8. Bake the cheesecake for 1 hour. Turn the oven off and let it cool in the oven with the door closed for 5 to 6 hours; this prevents cracking. You can turn the pilot light on to peek at the cake, which will be lighly browned on top, but do NOT open the oven.
  9. At the end of that time, carefully take the tray out of the oven (there will likely still be some water in it, so you don't want to spill it). Wrap the cheesecake -- springform pan and all -- with some plastic wrap and stick it in the fridge until chilled. Before serving, carefully remove the springform pan.
  10. To make the strawberry sauce, heat all the ingredients in a small saucepan until it boils. Turn the heat down so that the sauce is simmering gently. Simmer for 10 minutes, stirring occasionally and crushing the strawberries down to pulp. Serve warm or cold with cheesecake.

Tuesday, May 19, 2009

Indian Cuisine at Home

I love Indian cuisine, and so do my cousin and her husband. So when they asked me to cook up an Indian meal for them last weekend, I obliged happily.

One of the reasons I jump at the chance to make Indian food is because in order to make one or two dishes, you have to pretty much stock up on spices. And once you've stocked up on spices (which are usually sold in quantities far greater than you need for one meal), you don't want them to go to waste, do you? Of course not.

Another reason Indian cuisine is great is because it's easy to satisfy both vegetarians and non-vegetarians alike. I've always thought that if I were a vegetarian, I'd have to eat Indian food a lot, because it's one of the few ways that vegetables are so infused with flavor that I barely notice the absence of meat (not that I don't like vegetables on their own, but if I have them solely and repeatedly, I really notice the absence of meat).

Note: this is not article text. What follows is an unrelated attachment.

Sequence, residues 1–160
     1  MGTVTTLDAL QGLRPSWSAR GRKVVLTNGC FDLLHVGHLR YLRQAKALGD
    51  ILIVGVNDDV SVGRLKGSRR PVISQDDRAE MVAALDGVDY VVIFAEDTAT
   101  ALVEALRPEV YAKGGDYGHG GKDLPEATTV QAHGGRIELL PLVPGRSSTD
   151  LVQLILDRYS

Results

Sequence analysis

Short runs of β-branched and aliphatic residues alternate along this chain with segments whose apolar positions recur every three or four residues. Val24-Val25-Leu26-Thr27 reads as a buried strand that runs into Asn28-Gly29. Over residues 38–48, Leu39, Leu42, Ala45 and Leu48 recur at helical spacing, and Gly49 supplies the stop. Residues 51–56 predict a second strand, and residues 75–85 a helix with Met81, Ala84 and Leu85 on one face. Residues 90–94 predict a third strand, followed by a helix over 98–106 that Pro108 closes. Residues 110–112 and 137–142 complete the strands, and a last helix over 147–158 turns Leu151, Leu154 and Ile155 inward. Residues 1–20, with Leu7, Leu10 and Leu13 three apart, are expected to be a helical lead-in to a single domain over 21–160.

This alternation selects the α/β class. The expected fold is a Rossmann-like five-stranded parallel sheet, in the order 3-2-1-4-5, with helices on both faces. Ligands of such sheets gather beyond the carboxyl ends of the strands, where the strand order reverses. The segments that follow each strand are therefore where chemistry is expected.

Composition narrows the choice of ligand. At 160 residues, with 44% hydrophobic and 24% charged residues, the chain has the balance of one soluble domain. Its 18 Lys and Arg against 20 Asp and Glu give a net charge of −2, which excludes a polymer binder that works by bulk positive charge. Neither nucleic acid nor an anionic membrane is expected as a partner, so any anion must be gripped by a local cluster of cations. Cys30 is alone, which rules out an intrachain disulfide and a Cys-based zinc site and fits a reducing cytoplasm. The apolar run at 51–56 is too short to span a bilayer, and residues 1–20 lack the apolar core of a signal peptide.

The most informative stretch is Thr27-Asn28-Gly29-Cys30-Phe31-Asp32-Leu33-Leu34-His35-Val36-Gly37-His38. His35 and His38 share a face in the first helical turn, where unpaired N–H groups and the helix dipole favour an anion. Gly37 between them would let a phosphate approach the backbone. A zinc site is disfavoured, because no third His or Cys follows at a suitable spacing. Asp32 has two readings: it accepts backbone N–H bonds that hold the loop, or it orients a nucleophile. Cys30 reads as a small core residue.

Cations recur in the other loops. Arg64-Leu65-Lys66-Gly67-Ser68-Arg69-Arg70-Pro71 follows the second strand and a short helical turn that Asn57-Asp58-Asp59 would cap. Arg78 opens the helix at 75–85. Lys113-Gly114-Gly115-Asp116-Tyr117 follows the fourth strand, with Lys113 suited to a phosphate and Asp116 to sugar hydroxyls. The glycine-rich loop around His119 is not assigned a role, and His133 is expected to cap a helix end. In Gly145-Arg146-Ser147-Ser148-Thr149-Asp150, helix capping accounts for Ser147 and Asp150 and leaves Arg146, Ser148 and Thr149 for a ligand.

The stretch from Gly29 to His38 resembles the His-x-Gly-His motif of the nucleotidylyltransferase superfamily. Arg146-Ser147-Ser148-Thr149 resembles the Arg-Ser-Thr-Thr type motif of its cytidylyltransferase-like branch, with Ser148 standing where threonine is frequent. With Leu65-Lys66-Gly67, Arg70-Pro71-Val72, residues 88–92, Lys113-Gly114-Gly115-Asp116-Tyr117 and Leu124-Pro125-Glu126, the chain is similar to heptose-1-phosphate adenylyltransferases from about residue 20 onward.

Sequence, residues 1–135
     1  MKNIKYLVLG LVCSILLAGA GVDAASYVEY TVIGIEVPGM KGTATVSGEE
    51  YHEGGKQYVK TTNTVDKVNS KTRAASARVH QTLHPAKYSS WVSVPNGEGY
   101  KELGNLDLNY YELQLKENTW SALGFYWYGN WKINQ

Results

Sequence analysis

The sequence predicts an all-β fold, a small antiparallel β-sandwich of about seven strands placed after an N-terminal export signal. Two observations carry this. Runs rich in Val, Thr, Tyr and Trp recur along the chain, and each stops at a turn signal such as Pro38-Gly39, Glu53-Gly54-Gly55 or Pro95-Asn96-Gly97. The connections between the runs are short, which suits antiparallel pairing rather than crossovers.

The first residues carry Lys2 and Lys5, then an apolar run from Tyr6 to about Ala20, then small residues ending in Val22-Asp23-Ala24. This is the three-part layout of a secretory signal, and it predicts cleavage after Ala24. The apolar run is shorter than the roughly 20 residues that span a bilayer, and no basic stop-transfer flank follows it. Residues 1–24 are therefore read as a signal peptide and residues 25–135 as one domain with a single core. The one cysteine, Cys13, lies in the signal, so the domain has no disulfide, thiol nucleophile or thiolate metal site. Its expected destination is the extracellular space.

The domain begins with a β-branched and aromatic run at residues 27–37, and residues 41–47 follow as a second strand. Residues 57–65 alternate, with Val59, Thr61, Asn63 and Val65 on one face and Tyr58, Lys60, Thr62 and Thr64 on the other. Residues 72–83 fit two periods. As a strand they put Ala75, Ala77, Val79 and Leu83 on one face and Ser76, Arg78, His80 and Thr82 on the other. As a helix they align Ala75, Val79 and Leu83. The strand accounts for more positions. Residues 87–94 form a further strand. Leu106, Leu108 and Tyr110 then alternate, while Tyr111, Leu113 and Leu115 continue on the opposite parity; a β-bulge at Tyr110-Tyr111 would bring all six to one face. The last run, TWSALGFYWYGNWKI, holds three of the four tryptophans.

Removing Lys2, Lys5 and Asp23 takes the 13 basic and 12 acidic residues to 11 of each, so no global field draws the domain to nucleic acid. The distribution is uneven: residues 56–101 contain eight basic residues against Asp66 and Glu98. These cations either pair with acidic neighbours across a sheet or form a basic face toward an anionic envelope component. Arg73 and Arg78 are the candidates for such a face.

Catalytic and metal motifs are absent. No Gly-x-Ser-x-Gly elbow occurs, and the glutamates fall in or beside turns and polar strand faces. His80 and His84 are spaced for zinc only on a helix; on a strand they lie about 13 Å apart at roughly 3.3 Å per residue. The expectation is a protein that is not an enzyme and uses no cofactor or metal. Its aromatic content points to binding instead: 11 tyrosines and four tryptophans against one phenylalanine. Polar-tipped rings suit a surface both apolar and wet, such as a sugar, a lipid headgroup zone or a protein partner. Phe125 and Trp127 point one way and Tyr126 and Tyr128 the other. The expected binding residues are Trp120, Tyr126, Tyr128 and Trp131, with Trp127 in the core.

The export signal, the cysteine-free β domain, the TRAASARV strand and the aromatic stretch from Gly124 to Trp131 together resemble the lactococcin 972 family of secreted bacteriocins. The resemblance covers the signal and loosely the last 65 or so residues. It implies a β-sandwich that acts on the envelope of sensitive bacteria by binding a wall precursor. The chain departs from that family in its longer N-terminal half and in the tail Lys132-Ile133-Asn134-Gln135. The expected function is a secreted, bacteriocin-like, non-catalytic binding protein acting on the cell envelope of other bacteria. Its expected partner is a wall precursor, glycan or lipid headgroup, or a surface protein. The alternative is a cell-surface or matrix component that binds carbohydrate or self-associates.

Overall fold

At first I was going to make two dishes -- aloo gobi and murgh makhani, along with homemade raita and naan. But then I started to feel bad that my cousin and I would have sauce to eat with our naan while the aloo gobi was dry so my cousin's husband wouldn't (he's a vegetarian). At the last minute I decided to make palak paneer ... the only problem being that I didn't have the time to make paneer, and I don't have an Indian grocery store close enough to me to make the trip worth it. And to be honest, I wasn't really heart broken about it; while I enjoy making my own paneer, I'm rather indifferent to eating it. It turns out that my cousin and her husband feel the same way, so it was all for the best. I ended up replacing the cheese with peas (as the palak on its own seemed to need a bit of chunkiness), and thus creating "palak mattar." Hee. I'm going to be making it that way from now on -- just as yummy, in my opinion, but easier and fewer calories.

The raita, which we like to eat with pretty much everything, was delicious, and the naan was as well, even if it didn't turn out quite as aesthetically pleasing as I had wanted (though there were some nice-looking pieces; the kids got to them before I could take a picture). The murgh makhani's sauce was absolutely perfect; it tasted just the the butter chicken I've had in restaurants. The only thing I'll change for next time is the kind of chicken meat I used -- breast rather than thigh. I prefer dark meat, and this dish is usually made with it, but at the time I went to the store they didn't have anything but breasts.